Just a few decades ago, the concept of a centralized store where you could buy everything and anything you needed all in one place was an amazing innovation that transformed how the world did their shopping. Go to the local grocery store and buy all the food you and your family would need for the entire month. Or go to the local department store and stock up on new clothing in time for your children’s new year at school. It was convenience at its finest. But in today’s world, is it still all that convenient?
While much of the overall shopping experience at retail stores hasn’t changed much, the supposed lack of convenience is only coming about as a result of the direct comparison to the the new wave of online shopping. Rather than shop around in a physical store, you simply browse the internet to find what you are looking for – once you find what you want, you click a button to pay instantly, and your products are delivered to your door within a few days. And while online shopping does require that inherent delivery time which is non-existent for retail stores, the shopping experience itself is much more efficient compared to shopping at a typical retail store.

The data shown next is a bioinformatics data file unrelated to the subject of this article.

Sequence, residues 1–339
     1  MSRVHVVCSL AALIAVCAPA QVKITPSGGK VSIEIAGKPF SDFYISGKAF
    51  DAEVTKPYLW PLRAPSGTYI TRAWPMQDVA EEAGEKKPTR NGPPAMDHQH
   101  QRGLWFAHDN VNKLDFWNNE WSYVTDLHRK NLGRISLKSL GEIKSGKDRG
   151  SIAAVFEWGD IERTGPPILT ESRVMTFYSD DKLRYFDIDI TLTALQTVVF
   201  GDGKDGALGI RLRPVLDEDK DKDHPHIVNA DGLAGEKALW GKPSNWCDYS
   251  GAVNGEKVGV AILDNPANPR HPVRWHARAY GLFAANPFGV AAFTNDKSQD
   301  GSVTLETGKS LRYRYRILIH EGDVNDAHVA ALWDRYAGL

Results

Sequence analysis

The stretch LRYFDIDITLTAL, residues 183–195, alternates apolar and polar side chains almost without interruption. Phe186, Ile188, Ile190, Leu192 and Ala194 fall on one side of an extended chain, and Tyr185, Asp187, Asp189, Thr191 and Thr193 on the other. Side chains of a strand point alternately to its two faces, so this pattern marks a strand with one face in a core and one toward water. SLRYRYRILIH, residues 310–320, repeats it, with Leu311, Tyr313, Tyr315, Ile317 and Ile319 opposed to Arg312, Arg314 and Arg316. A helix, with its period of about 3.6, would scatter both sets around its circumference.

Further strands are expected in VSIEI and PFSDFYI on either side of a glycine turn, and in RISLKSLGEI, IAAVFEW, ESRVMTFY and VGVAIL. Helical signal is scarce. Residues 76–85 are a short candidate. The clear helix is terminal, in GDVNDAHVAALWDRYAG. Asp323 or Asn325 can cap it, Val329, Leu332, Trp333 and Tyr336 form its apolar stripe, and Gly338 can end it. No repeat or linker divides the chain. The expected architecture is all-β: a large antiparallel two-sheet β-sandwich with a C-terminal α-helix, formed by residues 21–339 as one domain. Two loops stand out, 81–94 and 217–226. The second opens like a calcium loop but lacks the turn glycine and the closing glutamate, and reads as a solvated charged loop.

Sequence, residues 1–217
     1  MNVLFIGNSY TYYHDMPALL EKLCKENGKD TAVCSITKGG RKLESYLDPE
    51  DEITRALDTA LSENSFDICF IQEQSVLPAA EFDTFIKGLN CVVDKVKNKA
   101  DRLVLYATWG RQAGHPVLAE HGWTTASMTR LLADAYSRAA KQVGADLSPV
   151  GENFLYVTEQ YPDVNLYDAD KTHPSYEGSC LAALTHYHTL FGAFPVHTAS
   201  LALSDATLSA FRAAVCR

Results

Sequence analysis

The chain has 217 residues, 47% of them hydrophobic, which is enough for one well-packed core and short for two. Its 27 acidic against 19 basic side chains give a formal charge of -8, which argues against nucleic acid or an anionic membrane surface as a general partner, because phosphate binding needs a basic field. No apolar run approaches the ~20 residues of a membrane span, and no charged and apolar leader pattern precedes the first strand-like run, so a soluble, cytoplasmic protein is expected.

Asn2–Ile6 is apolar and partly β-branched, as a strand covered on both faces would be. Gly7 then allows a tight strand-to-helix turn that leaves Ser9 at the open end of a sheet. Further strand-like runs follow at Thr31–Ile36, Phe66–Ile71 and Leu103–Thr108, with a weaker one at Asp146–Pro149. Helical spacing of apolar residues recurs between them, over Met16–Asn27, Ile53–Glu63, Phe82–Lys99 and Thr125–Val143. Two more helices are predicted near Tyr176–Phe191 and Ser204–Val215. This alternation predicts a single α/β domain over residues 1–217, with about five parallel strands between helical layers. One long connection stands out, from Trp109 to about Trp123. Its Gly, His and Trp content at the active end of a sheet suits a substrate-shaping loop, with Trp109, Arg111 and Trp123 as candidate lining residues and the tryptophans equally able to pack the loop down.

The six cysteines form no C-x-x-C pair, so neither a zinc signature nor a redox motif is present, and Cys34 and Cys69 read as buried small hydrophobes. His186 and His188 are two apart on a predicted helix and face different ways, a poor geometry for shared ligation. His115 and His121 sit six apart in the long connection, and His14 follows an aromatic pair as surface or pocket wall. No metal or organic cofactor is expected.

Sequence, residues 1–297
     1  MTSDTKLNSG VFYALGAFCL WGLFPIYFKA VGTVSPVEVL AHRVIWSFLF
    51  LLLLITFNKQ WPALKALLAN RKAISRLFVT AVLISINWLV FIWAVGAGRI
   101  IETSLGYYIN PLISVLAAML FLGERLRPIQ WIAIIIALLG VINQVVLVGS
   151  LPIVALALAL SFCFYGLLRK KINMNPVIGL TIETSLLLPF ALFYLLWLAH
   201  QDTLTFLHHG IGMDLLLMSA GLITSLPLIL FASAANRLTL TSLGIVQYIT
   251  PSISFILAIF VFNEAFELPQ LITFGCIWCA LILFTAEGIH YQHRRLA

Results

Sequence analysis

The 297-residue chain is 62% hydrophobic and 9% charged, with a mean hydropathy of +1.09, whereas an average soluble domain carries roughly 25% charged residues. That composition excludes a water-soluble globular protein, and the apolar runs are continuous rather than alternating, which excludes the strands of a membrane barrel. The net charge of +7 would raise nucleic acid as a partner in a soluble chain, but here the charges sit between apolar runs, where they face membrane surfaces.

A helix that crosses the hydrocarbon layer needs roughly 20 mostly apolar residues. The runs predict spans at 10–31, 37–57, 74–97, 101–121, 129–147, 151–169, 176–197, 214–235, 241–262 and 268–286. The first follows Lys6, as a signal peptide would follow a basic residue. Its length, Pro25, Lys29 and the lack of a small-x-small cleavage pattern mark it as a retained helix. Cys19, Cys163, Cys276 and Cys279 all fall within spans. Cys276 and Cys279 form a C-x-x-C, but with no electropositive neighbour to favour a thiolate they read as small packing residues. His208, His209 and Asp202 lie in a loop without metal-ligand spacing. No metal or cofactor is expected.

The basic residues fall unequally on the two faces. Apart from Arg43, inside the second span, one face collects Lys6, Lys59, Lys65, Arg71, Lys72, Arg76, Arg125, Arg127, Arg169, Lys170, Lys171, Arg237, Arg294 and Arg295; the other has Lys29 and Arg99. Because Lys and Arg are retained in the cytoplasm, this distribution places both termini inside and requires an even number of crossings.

When you go to a retail store, you have to make time just to get to the store itself (not to mention getting back after you’ve finished shopping). And even though retail stores all vary in their exact location, it is not unreasonable to expect at least 10 to 20 minutes of transit to the retail store of your choosing.
Once you are at the store itself, you also have to account for all of the time spent walking around, keeping in mind that every time you think of something new that you may want to look it, you will have to walk to the new section just to make it happen. Compare this to online shopping where if you want to look at something different, all you need to do is hit a few buttons and you are quickly shopping once again. In fact for that matter, if you wanted to change “stores” altogether, it would be just as quick to do so online, compared to shopping in-person, where you literally have to leave the first store, and then walk (or even drive) to the next store before you can actively start shopping again.
Although not something for the American worker to take pride in, studies have shown that Americans spend 1.7 hours a day shopping online while at work. If you’ve done any online shopping before, you can readily imagine just how much quality shopping you can get done in that 1.7 hour period, and all without having to get up off of your seat at work no less! On the flip-side, I think anyone would be hard-pressed to imagine doing any real meaningful retail-based shopping in that period of time. Especially in a world today that values time and making good use of it, there is no denying that shopping at retail stores takes too much time out of your day compared to the alternative of online shopping.